06:00:47 am on
Saturday 13 Jul 2024

Driving Foibles
Matt Seinberg

Sometimes you just have to shake your head in utter wonder at some of the stupid things that people do. One of my pet peeves is people that don't use their turn signals. I'm guessing that they think that the rest of the world knows exactly what they are going to do next on the road.

Turn signals on cars are mandated by government.

Well guess what fool, we don’t! There are those lovely government mandated signals on all four corners of your car for a reason. That's to tell the rest of the poor schmucks, on the road, what exactly you intend to do, such as turn left or right.

Coming home from work this evening, it happened to me twice. The first was the opposite signal; that means the idiot in front of me is signaling to go into the right lane, but isn't doing it yet because he thinks someone is coming up right behind him. That wasn't the case. The car behind him was waiting for this moron to make his move as he went slower and slower in front of me.

I went into a parking lot to avoid a long traffic light. There's a blue BMW just sitting there and as soon as I approach, he starts to move, slowly. We get to the two turns to get out of the parking lot and even though I know where he's going, he doesn't use a turn signal.

Here's the kicker. We finally get out of the parking lot and he gets in the left lane; halfway down the street, he just gets over into the right lane, again without using his signals. This driver is an accident waiting to happen.

The ones that really make me mad are the little moms driving the huge SUVs. They can barely see over the windshield, much less see out the rear window. They figure their trucks are so big, other drivers will just move out the way in fear. Hell yeah, I'm not challenging a truck. Right now, I'm in a rented 2017 Mitsubishi Mirage powered by four under nourished squirrels. If a truck hit me, all five of us would die.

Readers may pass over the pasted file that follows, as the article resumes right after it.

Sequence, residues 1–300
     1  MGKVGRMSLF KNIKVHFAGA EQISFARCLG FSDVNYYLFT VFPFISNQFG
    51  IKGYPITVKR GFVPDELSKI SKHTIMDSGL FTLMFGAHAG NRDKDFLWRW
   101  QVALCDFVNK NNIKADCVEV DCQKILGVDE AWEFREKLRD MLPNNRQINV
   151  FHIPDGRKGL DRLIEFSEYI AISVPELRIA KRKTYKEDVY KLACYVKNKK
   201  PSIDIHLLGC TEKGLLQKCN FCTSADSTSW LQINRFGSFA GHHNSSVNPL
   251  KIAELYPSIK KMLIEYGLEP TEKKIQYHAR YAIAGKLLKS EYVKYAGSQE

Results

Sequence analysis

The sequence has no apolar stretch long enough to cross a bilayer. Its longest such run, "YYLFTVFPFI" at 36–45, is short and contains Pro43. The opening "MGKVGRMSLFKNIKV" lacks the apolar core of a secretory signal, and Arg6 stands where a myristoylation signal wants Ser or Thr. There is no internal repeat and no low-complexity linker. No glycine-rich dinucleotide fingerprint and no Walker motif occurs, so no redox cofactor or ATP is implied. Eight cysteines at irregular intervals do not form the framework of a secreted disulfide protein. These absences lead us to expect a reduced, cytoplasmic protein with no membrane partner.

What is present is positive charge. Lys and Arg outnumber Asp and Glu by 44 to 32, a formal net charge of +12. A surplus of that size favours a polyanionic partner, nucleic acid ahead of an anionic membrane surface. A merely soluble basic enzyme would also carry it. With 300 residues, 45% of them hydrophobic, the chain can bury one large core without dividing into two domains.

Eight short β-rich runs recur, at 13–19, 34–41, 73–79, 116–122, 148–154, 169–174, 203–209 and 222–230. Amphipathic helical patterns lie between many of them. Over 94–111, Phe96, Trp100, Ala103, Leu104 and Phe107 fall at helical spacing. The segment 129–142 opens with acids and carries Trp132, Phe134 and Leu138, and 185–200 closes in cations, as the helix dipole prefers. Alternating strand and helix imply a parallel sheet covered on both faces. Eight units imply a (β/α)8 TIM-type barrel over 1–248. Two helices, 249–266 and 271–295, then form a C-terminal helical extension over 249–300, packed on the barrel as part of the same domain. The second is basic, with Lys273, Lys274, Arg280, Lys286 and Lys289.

The older I get, the less willing I am to drive after dark.

I have discovered that the older I get, the more afraid I am to drive on roads that I'm not familiar with, especially at night. Throw a bridge in for good measure and its white knuckle driving at its worst.

If you've never been stuck in dead stop traffic in the middle of the George Washington Bridge, you can't understand the fear that I feel. You can actually feel the bridge bouncing up and down. For someone with a fear of heights and bridges, that is cause for full-blown panic attack. It happened to me once, with Michelle in the car, and I had to hide the fear I was having. I let out a deep breath when we finally got off the bridge.

In October, when Marcy, my wife, and I went to upstate Plattsburgh for a look at the college there, the ride going up wasn't bad. Minimum, the ride is six hours and we made good time with numerous rest stops. Coming home was a different story. We hit heavy traffic, at multiple spots, up to and including the Tappan Zee Bridge.

The Tap, the local nickname for this Tappan Zee, is an old bridge, roughly sixty years old. Its replacement is under construction right next to it. As I always drive on the inside lane, slowly, at night, I'm being passed by everyone else going what seems to be 80 miles an hour or more. I'm going a very cautious 50 and feeling every bit as panicked as I was on the George Washington Bridge. Again, I let out a huge sigh of relief when we finally got off.

Next time, I'll get it right and stay overnight, halfway home.

The next time we go to Plattsburgh, to drop off Michelle, my daughter, at school, we're taking two days to drive home. The reason is that we probably won't leave the school until 2 or 3 o'clock in the afternoon and I don't want to do highway driving at night, especially over the bridges, again. We're stopping halfway, in the Albany area. This way my anxieties won't flare up and we'll get some needed rest.

Remember to use your turn signals, always.


Matt Seinberg lives on Long Island, a few minutes east of New York City. He looks at everything around him and notices much. Somewhat less cynical than dyed in the wool New Yorkers, Seinberg believes those who don't see what he does like reading about what he sees and what it means to him. Seinberg columns revel in the silly little things of life and laughter as well as much well-directed anger at inept, foolish public officials. Mostly, Seinberg writes for those who laugh easily at their own foibles as well as those of others.

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